I read a book about diet and UC, and I think the problem with pinpointing foods is that there are so many variables (quality of food, amount, etc.) and its very hard to monitor someone's food intake for a long period with great accuracy.  Instead of doing a "study," the author simply gave UC sufferers questionaires and determined the most common/frequent culprits for UC aggravation. 
 
My doctor has contradicted himself in the same sentence by saying that "diet will not effect your UC but if there are foods that bother you, you shouldn't eat them."  Uh, what?  (I've mentioned in other posts that I think he's an idiot.)
 
I absolutely respond badly to certain foods.  I've had slight success with a couple diets I've tried, but nothing worth continuing.  Coincidentally, I'm starting the Specific Carbohydrate Diet today.  Wish me luck, as its a LOT of work.  Let us know if you find anything in your search...
 
Good luck!

Katie, 30.   Chicago 'burbs.
DX:  Ulcerative Proctitis (10cm) January '08
Current Treament:  Rowasa 60 ML 2X daily, Cortenama 100 ML 1X daily, Bentyl 20 MG (as needed), and multivitamin daily.
Diet/Exercise:  No fructose, lactose, sorbitol, mannitol or wheat bran fiber.  Daily yoga, walking, or cardio w/weights.
Previous Treatment:  Canasa suppositories, Cortifoam, Prednisone, Colazal, Symex DuoTabs, Vitamins.
Status:  Flare (showing improvement)
 
 


seconder
Veteran Member


Date Joined Jun 2008
Total Posts : 610
   Posted 8/12/2008 10:36 AM (GMT -6)   
I never put much stock into the idea that diet had an effect on uc until recently because it didn't seem like anything I ate (or didn't eat) had any real effect on the symtoms of uc. I've been in Germany the last week or so and I felt great. Then it dawned on me that I didn't have any milk or yogurt and very little cheese. One bm a day, no bleeding, no urgency. . . . Remission? First time in a year and a half. I still feel great.

I don't know if it's the milk, so I've slowly added it back the last couple of days and I'll see what happens. I mentioned it to my mother offhand, and she said, "Oh, when you were a child, you couldn't eat any milk at all."

While in Germany I saw a homeopath MD who went over his treatment plan with me. His line of thinking is that diet doesn't cause uc but it can effect it, especially if a person has problems digesting certain foods or has allergies to them. He recommended an igG4 test. I figure I'll follow up and see what happens.

The potential problem to all this may be the absolute variety of possibilities.

pb4
Elite Member


Date Joined Feb 2004
Total Posts : 20577
   Posted 8/12/2008 10:47 AM (GMT -6)   
Genetics CAUSE IBD, food may very well be a trigger, even the CCFC has not ruled out food as being a culprit with IBD, it would be pretty arrogant to do so when not enough is known yet.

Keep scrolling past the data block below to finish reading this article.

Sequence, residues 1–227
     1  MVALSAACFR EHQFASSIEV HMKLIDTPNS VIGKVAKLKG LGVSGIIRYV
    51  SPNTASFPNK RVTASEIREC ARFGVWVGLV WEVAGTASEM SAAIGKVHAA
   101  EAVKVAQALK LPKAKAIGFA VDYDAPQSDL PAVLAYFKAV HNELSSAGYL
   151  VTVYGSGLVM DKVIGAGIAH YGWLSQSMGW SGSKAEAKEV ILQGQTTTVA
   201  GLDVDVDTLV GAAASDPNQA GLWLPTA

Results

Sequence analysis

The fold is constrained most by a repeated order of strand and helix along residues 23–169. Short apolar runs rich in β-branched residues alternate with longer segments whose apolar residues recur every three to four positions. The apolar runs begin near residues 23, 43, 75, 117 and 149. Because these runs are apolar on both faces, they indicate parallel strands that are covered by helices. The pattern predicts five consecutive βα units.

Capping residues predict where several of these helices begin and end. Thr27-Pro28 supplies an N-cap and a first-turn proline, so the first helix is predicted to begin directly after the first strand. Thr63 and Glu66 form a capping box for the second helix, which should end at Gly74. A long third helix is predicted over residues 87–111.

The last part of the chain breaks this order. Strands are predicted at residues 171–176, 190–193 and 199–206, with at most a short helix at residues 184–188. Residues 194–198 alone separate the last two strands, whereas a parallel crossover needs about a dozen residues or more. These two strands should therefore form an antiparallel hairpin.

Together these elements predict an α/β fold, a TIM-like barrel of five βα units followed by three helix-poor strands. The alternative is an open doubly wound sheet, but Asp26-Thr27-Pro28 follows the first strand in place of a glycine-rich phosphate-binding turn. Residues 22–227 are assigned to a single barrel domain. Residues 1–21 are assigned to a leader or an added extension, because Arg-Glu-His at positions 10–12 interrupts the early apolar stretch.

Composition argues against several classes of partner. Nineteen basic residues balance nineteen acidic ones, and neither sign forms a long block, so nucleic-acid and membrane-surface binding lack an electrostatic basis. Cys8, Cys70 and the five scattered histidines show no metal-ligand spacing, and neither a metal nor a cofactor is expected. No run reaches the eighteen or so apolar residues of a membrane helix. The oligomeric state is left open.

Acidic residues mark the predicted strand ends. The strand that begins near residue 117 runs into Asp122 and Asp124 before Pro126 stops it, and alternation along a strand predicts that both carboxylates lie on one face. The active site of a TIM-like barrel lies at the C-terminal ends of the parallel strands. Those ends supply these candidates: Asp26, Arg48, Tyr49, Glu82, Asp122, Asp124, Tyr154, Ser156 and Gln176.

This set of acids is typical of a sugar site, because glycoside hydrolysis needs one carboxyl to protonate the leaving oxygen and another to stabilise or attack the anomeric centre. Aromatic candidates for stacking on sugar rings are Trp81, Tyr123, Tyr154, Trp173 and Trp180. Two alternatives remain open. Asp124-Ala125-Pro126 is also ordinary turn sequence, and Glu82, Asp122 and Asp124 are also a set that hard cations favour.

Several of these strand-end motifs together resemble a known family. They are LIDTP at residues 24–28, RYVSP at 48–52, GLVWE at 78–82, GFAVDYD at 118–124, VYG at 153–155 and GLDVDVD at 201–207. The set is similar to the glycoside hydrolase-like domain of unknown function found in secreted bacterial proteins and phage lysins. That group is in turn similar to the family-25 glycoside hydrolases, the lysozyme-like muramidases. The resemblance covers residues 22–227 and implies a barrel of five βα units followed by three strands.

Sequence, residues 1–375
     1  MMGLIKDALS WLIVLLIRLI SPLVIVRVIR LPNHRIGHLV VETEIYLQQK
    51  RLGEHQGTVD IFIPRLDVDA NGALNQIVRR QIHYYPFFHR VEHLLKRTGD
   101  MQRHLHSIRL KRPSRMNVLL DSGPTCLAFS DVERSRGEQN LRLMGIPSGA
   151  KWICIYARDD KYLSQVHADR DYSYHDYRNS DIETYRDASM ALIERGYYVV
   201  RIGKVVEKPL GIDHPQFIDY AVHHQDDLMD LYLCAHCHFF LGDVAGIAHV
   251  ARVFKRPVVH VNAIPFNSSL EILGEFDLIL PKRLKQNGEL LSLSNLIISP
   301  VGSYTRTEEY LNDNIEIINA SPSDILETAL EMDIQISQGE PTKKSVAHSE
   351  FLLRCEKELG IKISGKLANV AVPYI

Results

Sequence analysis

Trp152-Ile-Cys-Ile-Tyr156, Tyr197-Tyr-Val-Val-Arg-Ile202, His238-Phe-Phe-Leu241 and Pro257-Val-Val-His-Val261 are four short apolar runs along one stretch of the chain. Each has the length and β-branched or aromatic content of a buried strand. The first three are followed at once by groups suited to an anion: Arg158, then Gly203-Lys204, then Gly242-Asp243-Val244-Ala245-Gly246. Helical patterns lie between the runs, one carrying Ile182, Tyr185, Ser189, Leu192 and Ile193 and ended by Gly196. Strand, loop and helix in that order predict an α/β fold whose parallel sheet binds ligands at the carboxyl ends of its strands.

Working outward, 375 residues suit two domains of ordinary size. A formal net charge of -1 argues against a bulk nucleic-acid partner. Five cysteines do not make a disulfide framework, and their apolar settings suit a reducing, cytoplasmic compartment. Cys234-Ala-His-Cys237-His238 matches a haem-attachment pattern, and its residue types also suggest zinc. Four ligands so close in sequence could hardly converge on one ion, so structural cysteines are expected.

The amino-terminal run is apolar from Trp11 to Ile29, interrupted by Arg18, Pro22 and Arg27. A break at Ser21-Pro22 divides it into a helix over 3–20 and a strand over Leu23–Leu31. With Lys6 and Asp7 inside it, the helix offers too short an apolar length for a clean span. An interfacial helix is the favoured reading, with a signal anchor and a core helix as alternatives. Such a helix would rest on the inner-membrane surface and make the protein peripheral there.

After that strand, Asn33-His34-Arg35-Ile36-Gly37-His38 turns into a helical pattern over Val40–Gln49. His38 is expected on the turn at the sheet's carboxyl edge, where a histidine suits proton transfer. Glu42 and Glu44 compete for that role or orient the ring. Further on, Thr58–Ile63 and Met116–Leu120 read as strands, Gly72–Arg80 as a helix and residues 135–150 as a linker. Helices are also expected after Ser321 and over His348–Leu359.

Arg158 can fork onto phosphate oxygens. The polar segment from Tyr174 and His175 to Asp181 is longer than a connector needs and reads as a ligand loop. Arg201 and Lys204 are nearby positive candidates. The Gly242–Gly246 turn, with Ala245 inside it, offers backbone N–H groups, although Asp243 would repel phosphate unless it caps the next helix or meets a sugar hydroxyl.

It can take yrs (not days) for a body to adjust to diet change, going from eating unhealthy to completely healthy will not show results of perfect health in a matter of days or weeks, that's for sure.

People often have food allergies that they are not even aware of especially when they have a disease like IBD or even IBS, even my severe lactose intolerance was masked by my disease and it wasn't until I got tested that I knew I had lactose issues.
 
Bottom line, you eat junk, your body will be junk one way or another, it might not guarantee you'll get IBD (as genetics are involved with that) but one way or another a persons health will reflect what their diet is like.

:)


My bum is broken....there's a big crack down the middle of it!  LOL  :)


seconder
Veteran Member


Date Joined Jun 2008
Total Posts : 610
   Posted 8/12/2008 10:56 AM (GMT -6)   
I've had a pretty well balanced diet most of my life.  (The college years did feature a lot of pizza. . . .)  But it seems people do actually feel better pretty quickly from a diet change.  In many cases, blood tests will show some of the positive effects of dietary change in a month.
 
It's my guess that many people with uc have eated a pretty standard Western/ American diet which -- from my point of view -- isn't all that healthy.  Once the uc kicks in, there is a reason to eat a more balanced diet, and many people do, and they feel better.  There's probably a world of good in just switching from white bread to whole grain; if anything the extra fiber will help bulk the stool.  (And I'll add the seemingly obligatory caveat:  "All people are different.  Fiber may make you uncomfortable.")
 
The thought that it may takes years to achieve benefit from a change in eating habits shouldn't dissuade anyone from attempting those changes.

princesa
Veteran Member


Date Joined Aug 2007
Total Posts : 2204
   Posted 8/12/2008 11:58 AM (GMT -6)